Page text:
Which means Starz didn't have to wait for a thing. There were no photos to be developed. They just needed to send them immediately to the place which does composite cards.

I would jump over barrels for my girls and usually do, but I will visit the Starz office, find their directors, and get my money back!

E.Z.


E.,

Starz National charged you $1,300 just to sign with their agency, $650 for one daughter, and $650 for your other daughter?

Then after you paid $1,300 in registration fees, you paid $1,300 in photo fees, again $650 for one daughter, and $650 for your other daughter, for a total of $1,300?

You paid a grand total of $2,600, $1,300 in registration fees, and $1,300 in photos fees?

How long did it take for the comp card pictures to be taken? Less than an hour? Was the photography rate more than $1,300/hour?

The BBB record for Starz National in Florida said the same thing as the letters to Modeling Scams. They do not answer complaints, and therefore their BBB record is unsatisfactory.

The BBB file, however, provided the website address of the Florida Department of Business and Professional Regulation which oversees the industry and gives talent agency licenses.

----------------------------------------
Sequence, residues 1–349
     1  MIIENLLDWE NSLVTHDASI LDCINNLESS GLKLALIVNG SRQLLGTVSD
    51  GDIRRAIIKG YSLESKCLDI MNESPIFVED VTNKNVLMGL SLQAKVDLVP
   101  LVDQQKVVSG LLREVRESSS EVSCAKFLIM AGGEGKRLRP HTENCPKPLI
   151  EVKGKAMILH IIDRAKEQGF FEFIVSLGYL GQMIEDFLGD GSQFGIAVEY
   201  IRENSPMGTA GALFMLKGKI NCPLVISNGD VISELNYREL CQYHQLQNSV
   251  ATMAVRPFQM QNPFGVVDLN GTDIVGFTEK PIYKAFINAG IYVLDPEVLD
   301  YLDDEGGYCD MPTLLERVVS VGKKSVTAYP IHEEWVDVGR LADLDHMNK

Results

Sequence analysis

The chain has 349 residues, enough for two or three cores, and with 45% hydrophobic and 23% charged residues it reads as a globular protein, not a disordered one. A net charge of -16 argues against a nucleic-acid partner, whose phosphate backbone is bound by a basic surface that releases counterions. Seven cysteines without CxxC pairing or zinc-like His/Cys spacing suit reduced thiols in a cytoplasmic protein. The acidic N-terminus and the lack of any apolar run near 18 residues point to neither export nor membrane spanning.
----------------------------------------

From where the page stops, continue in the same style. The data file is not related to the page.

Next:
Believe it or not, Starz National does have a talent agency license in Florida, although the licensee information provided in the online DBPR database said they are not based in Florida, they are based in the Modeling Photo Scam Capital of America: North Carolina.

Regulations, where they do exist, are by state. Here there are three states you can look at. It is not clear which law applies, since they are based in North Carolina, where they don't need a talent agency license, and they have a license in Florida, where they do need a license, but they took your money in another state.

Still there are laws for employment agencies, and where there are no specific modeling or talent agency regulations, they fall under the rules for employment agencies.

You can check, but according to the Glam Scam, these are the registration fee rules and regulations for the three states:

North Carolina: "Advance placement fees or registration fees are prohibited."

Florida: "Any collected fees or expenses must be returned by the agency within 48 hours if no employment was procured."

Your state: "Employment agencies that charge registration fees must return all fees in full upon demand if employment is not procured within one month after registration."

Most upfront fees are banned or restricted because they were previously used for modeling scams.

Redacted Info